Sam Brownback, author of a fiscal calamity, rejects Medicaid on budget grounds

Tax giveaways to rich Kansans were fine and dandy, but health care for the poor must “have a neutral impact on the state budget.”

Gov. Sam Brownback (R-KS). CREDIT: AP Photo/Orlin Wagner
Gov. Sam Brownback (R-KS). CREDIT: AP Photo/Orlin Wagner

Days after Kansas lawmakers voted overwhelmingly to expand Medicaid to 150,000 uninsured low-income residents, Gov. Sam Brownback (R) vetoed the bill on Thursday morning.

His lengthy veto statement presents the decision as grave and complicated. Yet to a half-trained eye, Brownback’s explanation gives away the game right up top. He lists three criteria any Medicaid expansion bill must meet to earn his signature, including that it “have a neutral impact on the state budget.”

At press time it was unclear if Brownback wrote that sentence with a straight face.

The governor’s concern for budget neutrality is convenient and new. Since being elected in 2010, Brownback has wrecked his state’s finances by pushing for, in his words, “a real, live experiment” with right-wing fantasy economics. He slashed state tax rates for the wealthiest Kansans and allowed anyone who can afford a decent accountant to sidestep income taxes entirely.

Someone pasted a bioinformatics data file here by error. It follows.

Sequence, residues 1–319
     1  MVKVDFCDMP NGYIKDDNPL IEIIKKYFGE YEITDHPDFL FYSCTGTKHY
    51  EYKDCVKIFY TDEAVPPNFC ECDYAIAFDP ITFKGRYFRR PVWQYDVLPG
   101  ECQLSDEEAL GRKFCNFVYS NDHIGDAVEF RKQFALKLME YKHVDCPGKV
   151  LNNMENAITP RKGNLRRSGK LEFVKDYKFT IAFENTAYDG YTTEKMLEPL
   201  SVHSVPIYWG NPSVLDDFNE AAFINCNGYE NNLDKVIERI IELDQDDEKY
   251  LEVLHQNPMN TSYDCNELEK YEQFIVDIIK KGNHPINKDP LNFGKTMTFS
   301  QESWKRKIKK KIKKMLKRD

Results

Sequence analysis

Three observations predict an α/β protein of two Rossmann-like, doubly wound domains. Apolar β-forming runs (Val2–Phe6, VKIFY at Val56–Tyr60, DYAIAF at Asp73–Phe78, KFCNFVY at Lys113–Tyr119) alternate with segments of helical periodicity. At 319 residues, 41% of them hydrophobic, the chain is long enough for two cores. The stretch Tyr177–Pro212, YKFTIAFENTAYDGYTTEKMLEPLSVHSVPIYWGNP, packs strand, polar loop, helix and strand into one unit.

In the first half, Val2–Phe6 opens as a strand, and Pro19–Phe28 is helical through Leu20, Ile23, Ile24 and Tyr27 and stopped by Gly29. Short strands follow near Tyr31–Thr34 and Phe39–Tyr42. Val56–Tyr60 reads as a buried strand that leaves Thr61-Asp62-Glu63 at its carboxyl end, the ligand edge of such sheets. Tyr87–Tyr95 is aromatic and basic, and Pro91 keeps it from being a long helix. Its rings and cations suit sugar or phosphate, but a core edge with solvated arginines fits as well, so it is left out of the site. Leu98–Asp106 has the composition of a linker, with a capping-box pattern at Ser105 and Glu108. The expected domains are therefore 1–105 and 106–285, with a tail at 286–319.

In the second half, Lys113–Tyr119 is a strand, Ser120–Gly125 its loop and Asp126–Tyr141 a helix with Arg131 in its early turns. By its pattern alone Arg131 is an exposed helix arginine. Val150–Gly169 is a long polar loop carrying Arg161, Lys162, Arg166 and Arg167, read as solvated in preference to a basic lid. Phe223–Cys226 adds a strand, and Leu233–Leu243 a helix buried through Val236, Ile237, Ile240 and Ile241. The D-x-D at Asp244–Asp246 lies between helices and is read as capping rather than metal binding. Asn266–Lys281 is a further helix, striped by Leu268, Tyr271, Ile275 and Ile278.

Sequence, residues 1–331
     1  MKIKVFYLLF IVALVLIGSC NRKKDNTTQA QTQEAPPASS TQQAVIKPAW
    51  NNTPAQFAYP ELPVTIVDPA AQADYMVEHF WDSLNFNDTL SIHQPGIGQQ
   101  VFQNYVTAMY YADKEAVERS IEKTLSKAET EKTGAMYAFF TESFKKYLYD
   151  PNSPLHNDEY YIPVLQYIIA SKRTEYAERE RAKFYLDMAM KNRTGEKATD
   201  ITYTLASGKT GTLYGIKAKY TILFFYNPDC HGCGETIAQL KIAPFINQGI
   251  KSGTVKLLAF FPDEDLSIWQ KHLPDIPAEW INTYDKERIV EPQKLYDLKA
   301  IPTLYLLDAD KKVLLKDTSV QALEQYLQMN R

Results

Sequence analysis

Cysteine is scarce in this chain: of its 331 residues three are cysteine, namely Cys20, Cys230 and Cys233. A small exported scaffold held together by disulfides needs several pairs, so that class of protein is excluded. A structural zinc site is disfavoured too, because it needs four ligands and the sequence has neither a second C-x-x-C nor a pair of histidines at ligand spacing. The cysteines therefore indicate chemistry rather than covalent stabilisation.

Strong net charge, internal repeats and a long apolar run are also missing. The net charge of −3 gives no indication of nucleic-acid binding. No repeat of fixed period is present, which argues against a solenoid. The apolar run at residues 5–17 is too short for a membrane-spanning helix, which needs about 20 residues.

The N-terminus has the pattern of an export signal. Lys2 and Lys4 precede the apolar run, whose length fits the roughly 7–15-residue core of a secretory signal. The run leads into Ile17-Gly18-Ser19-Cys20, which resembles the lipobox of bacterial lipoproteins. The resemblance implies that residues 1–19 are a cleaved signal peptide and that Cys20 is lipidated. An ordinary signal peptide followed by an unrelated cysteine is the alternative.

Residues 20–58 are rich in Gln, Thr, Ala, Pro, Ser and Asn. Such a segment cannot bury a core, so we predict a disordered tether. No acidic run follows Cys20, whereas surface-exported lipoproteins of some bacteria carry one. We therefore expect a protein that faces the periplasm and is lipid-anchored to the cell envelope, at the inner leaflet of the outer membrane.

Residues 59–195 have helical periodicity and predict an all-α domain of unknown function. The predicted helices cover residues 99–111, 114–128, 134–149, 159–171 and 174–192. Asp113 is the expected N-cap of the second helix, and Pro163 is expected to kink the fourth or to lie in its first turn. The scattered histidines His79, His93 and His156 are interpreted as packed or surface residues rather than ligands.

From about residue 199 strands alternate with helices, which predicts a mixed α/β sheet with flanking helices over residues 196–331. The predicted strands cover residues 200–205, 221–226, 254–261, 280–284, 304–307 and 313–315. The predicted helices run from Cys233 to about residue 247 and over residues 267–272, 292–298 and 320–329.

Conservatives hoped the moves would vindicate the old Reagan-era myth that drastic tax breaks for the wealthy will generate so much new economic activity that governments end up collecting roughly the same amount of revenue. It did not. Instead, Brownback far overshot the mark — and plunged Kansas into years of perpetual budget deficits.


Rather than walk back the tax policies, the governor and his allies spent years cutting public services across the state to cover the cost.

Those allegiances have frayed. Even before they joined Democrats to pass Medicaid expansion, Republican lawmakers collaborated on a tax bill reforming many of the worst elements of Brownback’s agenda. The governor vetoed that move too.

Medicaid expansion supporters are optimistic they can gather the five additional votes they need — three in the House and two in the Senate — to override Brownback’s Thursday veto. They have 30 days to corral the additional Republican votes, or the governor’s selective attention to fiscal responsibility will succeed in keeping tens of thousands of his constituents uninsured.